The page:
In late 2019, while finishing another 30-day treatment program, my counselor suggested Communities for Recovery (CforR). He told me about peer coaching, their volunteer program and some success stories he had heard from CforR. I left that day with an address, phone number and a name of a peer coach he recommended as well as a new sense of hope that I wasn’t just going to go back home to try the same old steps that had not worked for me in the past.

From the moment I walked through the doors of CforR, I was greeted with a warm welcome and an instant feeling that I belonged. I quickly realized that I wanted to become more involved with this organization that had been so kind and gracious in making me feel right at home. READ MORE

Your donation today ensures that Communities for Recovery is there for C.A. and so many others during the moments in their recovery journey.


As C.A. shared in his story…“For all these reasons and so many others, Communities for Recovery will always remain special to me and I look forward to many more years working in any way that I am able to contribute to CforR.

Austin Area Opioid Workgroup Celebrating Its Third Anniversary

The Austin Area Opioid Work Group is active in the Austin community and statewide addressing the needs of individuals, families, allies, providers and agencies that are affected by the challenges that Opioid Use Disorder present. Its founder, Phil Owen believes that it has been successful as a group because of the members willingness to allow individuals to define their own recovery (person-centered) and its recognition that there are multiple pathways of recovery. By remaining inclusive, with the doors wide open and embracing acceptance, the AAOW helps to create safe spaces that welcome others who may be experiencing isolation and withdrawing from the very help they may desperately need.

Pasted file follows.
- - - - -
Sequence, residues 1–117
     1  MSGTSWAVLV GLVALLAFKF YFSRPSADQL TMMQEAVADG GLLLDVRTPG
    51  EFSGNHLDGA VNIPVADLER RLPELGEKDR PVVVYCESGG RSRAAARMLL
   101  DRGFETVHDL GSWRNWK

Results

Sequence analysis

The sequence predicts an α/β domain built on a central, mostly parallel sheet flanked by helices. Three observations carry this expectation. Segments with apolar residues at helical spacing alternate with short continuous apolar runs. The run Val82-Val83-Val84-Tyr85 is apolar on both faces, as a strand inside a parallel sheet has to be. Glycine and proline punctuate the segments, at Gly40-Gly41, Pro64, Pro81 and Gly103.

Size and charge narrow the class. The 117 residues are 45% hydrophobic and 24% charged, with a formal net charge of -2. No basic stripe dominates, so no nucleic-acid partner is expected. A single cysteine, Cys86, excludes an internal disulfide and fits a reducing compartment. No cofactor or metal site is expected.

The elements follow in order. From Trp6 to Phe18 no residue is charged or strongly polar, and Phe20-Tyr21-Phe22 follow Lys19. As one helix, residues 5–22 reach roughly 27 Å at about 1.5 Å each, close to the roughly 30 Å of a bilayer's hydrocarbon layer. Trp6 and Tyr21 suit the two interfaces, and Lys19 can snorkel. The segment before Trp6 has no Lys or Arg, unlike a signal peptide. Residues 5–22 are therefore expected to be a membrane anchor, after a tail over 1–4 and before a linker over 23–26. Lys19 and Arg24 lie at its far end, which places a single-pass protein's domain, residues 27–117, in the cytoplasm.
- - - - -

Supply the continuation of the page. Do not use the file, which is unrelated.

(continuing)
Collectively, we can take pride in knowing that enabling a person to breathe or to live another day creates opportunities to grow and wellness to flourish. Thank you to everyone that has participated in this group for the past 3 years and welcome to the newcomers that will join us as we continue to break down the walls of isolation, encourage and spread the word of recovery, and venture to become the messengers that bridge the gap between the silos that exist in our continuum of care.

This month we welcomed Austin-Travis County's own Mike Sasser EMT-P, CHW. Mike discussed the recently launched Buprenorphine Bridge Program. Through this program Mike and his team literally meet people where they are at, connecting individuals in need to life saving medication and services. We are excited to share this information with the Austin Area recovery community.

Please contact Phil Owen at for additional information. The group meets the third Thursday of every month at 2:30 pm.